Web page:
Sound Out: Stephen Parsick - August 2017


Stephen Parsick

I had the opportunity to meet Stephen Parsick briefly in 1995 at the KLEM Dag festival in Nijmagen, The Netherlands. He somehow stole a moment to shake hands and exchange some brief chat - which, in this day and age of The Internet, and the distance of its vast virtual communities, now feels like a significant event.

Over the intervening years Parsick has released numerous substanstilal and significant Spacemusic releases under the name ['ramp]. Obviously influenced by the classics, his productions are always a true musical representation of nothing but himself and his world view. Having collaborated with the likes of acclaimed looper and touch guitarist Markus Reuter and the legendary Electronic Musician Mark Shreeve, Parsick has produced an ample body of work - both in the studio and at the concert hall.

In August 2017 Stephen Parsick has released synchronize or die, an album which he claims (and I concur) contains, "the pinnacle of my sequencing skills". I hope you will read this interesting interview, and gain insight into this intelligent, intriguing personality, and his views on what he might call the "Doombient" music scene.

Thanks! -Chuck van Zyl


Stephen Parsick STAR'S END: What is it like where you live?

Stephen Parsick: I live in the countryside, on a converted farm which lies on a slope of the Teutoburg Forest Range. When looking out of my window, it's a bit like the landscape in England's Cheshire, with pasture, orchards, and fields all around. In fact, I expect to see the Jodrell Bank dish off in the distance every time I go for a walk. The town where I live is a small farming community in the rural part of Germany's Eastern Westphalia (well, actually all parts of Eastern Westphalia are more or less rural). The biggest city nearby would be the city that doesn't exist, Bielefeld.


Stephen Parsick

STAR'S END: Please tell our readers of your great love and vast knowledge of all things to do with professional and amatuer sports...

Stephen Parsick: Oh, I do love sports.

No, I don't, just pulling your leg. I never got the point of "sports" in terms of "competition". Why do people do that? I hated PE lessons at school, and my PE teachers hated me. I hated doing sports when I was in the army, and it has been like that since - I enjoy riding my bicycle every now and then, and I enjoy watching the Tour de France on TV but that's about it.


Three Tools - Stephen Parsick

STAR'S END: What is your favorite synthesizer? the one which you have used to realize a significant work of music (or is just the most fun to use)...

Stephen Parsick: This would be the 1978 Mini Moog I've had since 1989, I guess. To me, it's the Swiss Army Knife in my work, I have used it on practically everything I have ever released. Another favourite of mine is the Yamaha CS80 because there is nothing quite like it in terms of sound and playability. I also have a soft spot for PPG stuff but this borders on being a bit of a masochist. When it's only about playing and getting carried away, it's my 1976 Rhodes Stage Piano 73, I guess, with a nice selection of stompboxes.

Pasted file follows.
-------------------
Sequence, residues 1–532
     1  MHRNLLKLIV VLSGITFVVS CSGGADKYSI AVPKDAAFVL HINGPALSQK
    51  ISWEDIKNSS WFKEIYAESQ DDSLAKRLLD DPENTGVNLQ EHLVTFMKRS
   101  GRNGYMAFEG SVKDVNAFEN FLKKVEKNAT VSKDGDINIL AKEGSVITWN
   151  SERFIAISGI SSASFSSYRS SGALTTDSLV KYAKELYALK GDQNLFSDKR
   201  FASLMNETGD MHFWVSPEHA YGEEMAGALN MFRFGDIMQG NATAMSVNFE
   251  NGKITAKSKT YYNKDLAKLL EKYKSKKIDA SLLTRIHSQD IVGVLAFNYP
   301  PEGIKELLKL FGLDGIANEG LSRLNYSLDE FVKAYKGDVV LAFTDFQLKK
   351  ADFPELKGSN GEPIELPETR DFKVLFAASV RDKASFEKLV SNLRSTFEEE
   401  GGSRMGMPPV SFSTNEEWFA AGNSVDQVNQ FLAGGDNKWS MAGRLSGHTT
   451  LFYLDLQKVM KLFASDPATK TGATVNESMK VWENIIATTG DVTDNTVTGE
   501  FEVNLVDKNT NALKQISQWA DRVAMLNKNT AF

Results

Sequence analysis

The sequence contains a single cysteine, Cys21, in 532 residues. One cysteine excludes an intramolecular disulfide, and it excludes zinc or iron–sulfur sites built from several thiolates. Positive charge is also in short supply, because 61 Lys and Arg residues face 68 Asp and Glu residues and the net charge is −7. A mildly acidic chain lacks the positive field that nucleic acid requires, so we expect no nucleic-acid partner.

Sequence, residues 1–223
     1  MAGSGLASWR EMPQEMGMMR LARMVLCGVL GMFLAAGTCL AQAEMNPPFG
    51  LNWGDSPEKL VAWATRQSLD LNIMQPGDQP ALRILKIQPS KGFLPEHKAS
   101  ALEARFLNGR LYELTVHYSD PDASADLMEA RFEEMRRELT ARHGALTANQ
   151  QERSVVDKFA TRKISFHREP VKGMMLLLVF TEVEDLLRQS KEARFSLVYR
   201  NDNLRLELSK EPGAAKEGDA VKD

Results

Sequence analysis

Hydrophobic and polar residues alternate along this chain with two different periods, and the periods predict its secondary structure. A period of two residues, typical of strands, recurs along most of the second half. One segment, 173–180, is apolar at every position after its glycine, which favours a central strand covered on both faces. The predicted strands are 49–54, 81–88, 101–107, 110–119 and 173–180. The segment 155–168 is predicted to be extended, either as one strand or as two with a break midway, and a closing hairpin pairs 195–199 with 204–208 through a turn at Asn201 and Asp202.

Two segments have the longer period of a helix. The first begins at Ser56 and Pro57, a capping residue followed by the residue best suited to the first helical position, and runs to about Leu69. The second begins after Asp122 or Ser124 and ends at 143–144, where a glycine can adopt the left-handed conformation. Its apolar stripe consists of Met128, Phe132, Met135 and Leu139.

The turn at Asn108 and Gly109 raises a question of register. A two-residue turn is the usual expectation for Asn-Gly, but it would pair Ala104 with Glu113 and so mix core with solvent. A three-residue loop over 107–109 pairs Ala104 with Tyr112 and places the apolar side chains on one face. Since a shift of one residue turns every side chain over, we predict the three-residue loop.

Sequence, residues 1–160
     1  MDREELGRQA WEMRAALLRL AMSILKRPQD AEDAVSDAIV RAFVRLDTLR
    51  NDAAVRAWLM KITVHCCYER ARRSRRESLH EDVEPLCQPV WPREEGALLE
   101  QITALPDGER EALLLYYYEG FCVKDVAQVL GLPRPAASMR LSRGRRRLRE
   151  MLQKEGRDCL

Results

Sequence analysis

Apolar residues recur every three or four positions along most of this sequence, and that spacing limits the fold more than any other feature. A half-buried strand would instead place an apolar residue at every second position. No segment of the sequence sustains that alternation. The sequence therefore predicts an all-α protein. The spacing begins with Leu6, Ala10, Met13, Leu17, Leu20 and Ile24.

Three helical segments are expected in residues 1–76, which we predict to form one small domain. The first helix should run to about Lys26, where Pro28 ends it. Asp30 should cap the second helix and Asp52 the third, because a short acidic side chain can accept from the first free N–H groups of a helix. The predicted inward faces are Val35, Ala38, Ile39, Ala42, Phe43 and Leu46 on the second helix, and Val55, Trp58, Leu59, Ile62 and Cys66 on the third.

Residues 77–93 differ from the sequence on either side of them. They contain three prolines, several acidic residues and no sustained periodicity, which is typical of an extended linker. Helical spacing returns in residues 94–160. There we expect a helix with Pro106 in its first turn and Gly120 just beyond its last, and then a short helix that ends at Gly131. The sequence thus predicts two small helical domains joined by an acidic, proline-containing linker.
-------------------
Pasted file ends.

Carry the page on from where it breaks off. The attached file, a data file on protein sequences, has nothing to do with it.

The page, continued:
STAR'S END: Briefly describe the arc of your musical endeavors - how and why you got started, what projects you have realized, and where you are now?

Stephen Parsick: I set out trying to capture what fascinated me about synthesizers and electronic music, particularly the timbral quality of it and the formal liberty it gave me. I simply knew I wanted to do that. I believe in the idea that every seven years a cycle is completed - in my case, I started actively with ['ramp] back in 1996, seven years after releasing my first track ever, and here I am, 21 years on, going back to where it all started. Don't ask me where it's going from there. It's not going to be another forty albums or so, that's for certain.


Stephen Parsick - Listening

STAR'S END: Was there a musical event in your life (an "Ah-Ha" moment) that opened you up to the possibilities of innovative music? or is your interest in making Electronic Music just a continuing life of innovation and experimentation?

Stephen Parsick: The initial moments happened when I was a child, maybe three years old, when my dad played Walter Carlos' Clockwork Orange to me, and Kraftwerk's Autobahn was playing on the radio all the time, too (it was the summer of 1975, and it was really hot). Jean Michel Jarre's Oxygene got the ball rolling in about 1976, I told my parents I wanted to play "synthesizers", much to their amazement: "Where are we supposed to find such a thing?". There was something about the sound I couldn't quite grasp, it was alien to me but at the same time completely familiar. Another formative moment for me was when I discovered the music of both Klaus Schulze and Michael Garrison, this was a bit of a moment of epiphany for me: They can't play any better than me but they've got all these great synthesizers, and they release albums! I immediately knew that this was exactly what I wanted to do as well. My interest in electronic music is to keep it as fascinating and intriguing as it has always been to me, exploring the frontiers of sound and keeping the sense of mystery alive - this is something I feel missing with many EM releases these days. Not sure about innovation, I don't consider myself to be overly "innovative", I just try to create what I like, and I try to get better with every little bit I create.


Stephen Parsick - Five Films

STAR'S END: Please list (and briefly describe) your five favorite films...

Stephen Parsick:

  • Stanley Kubrick's A Clockwork Orange: I love the subtext of the film and the eternal question whether man is really good or just chooses to be good because he fears punishment or hopes for a reward of some kind. The question of whether we have a freedom of choice, and what the price of this freedom is. I was intrigued by Anthony Burgess' book, and in fact an American exchange student at school - a girl from Las Vegas, named Karen De Luna - gave me her dog-eared copy to read. I devoured it.